The essays in The 1619 Project, created and edited by Nikole Hannah-Jones and the New York Times Magazine, are more vital reading than ever. This week’s events at the Supreme Court have proven that. We’re watching the dismantling of privacy and human rights here in the United States in real-time.

What these essays repeatedly show is that this country was created by white Christian heterosexual men for the advantage of white Christian heterosexual men. The 1619 Project focuses on the experiences and uprisings of enslaved and formerly enslaved people. It discusses how their descendants make a difference in our country, whether just one generation or generations further away from those enslaved people.

The book and its essays are organized by topic. The editors buffet the essays with works of creative writing, whether poetry or short stories. So Hannah-Jones walks us through the ways slavery and enslaved people built this country since 1619. Conversely, the topics also show how those white, Christian, heterosexual men designed laws and social mores to keep that same group of vital humans under their thumbs.

Hannah-Jones and the contributors don’t shy away from violence wrought by the plantation owners and other everyday people. They discuss lynchings and ongoing, repeated violence. So this book isn’t for the faint of heart.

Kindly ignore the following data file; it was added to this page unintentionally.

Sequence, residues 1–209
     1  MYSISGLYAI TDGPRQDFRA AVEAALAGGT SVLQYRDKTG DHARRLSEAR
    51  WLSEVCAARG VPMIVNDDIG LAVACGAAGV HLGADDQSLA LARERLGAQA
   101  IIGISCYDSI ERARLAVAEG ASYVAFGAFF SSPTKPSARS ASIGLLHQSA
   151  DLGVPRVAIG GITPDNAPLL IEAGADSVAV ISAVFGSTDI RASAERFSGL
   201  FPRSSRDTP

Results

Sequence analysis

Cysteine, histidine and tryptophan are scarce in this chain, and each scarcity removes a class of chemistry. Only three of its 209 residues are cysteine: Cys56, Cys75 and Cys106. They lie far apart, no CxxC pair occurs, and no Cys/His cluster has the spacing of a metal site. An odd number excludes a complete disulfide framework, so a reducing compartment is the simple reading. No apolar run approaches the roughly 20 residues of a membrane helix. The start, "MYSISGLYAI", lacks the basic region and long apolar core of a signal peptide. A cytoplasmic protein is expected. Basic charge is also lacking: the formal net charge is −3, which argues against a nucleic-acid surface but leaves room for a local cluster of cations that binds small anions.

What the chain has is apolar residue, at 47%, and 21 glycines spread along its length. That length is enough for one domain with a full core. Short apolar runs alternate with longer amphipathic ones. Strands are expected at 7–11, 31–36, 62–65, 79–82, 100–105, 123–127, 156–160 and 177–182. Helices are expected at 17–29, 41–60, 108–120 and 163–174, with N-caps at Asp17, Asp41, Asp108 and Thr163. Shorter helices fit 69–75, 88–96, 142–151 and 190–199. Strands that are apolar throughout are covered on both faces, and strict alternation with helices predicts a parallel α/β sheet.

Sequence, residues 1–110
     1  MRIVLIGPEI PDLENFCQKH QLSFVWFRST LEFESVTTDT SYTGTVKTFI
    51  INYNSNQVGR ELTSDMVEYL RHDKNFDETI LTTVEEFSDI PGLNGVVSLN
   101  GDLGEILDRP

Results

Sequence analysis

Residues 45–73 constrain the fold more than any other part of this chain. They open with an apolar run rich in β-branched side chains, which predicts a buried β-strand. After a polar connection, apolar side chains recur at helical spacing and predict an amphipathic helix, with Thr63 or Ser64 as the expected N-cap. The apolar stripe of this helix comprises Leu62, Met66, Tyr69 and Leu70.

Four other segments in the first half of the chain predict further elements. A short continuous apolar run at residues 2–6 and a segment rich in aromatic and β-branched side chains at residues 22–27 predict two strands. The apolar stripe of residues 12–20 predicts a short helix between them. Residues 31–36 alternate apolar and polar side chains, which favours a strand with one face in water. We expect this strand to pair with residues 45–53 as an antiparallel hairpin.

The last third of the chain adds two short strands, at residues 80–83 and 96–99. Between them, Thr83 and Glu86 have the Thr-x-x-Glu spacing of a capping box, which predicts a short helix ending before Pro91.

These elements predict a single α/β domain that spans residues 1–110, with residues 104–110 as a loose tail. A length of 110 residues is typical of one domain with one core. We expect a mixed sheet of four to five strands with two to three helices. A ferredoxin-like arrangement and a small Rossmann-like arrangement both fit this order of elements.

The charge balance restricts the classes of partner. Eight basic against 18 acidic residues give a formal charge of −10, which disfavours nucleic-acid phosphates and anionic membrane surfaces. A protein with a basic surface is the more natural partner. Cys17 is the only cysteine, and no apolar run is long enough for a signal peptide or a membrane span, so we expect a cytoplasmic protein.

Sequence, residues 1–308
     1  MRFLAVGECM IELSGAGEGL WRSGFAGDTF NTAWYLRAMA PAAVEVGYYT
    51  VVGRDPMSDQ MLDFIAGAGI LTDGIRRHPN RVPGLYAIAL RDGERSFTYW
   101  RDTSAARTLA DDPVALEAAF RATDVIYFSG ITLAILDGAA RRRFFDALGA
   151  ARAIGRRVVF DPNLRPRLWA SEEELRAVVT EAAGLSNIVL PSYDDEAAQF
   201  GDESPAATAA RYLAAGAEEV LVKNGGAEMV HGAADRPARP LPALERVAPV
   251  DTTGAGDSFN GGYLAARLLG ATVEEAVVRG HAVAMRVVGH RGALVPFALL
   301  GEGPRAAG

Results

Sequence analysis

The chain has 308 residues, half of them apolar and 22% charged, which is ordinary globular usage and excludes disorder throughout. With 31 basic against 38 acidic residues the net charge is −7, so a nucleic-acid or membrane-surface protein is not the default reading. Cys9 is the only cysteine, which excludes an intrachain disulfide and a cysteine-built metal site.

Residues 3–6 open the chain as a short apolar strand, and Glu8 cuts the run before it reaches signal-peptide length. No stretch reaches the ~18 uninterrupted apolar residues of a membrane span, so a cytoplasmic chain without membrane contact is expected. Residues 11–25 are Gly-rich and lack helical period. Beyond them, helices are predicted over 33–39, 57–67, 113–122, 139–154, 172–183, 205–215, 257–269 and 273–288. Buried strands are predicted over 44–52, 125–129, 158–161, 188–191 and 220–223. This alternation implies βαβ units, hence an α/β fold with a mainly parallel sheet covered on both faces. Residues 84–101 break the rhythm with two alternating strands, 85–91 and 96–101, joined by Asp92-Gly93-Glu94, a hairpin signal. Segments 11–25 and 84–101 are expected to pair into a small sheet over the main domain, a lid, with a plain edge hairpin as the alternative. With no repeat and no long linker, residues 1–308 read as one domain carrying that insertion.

On the other hand, each essay shows the survival and contributions of Black people. The topics also show us how we as fellow citizens need to see a broader story of our country.

My conclusions

I mostly listened to this book rather than read it, even though I have a print copy. In some ways, I think that allowed me to disassociate from the intensity of the content, which I regret. I also read one section a week for a few months, rather than reading it straight through. The advantage to this is time to absorb and consider. And the disadvantage is that I again missed some of the intensity of the message.

Because of the print book on my shelf, I know I’ll refer back to it as a reference. The history and analysis in each essay are important as the underpinnings of the emotion. The 1619 Project is American history. It’s the history of all of us, no matter our race, immigration status, or any other ethnicity we identify ourselves with. That’s why it matters—for the past, present, and future of America.

I recommend this book to everyone and especially encourage you to read it with others to foster discussion. Pair it with another book from my list of social justice reading, because it’s easy to find books that delve more deeply into each of these single topics.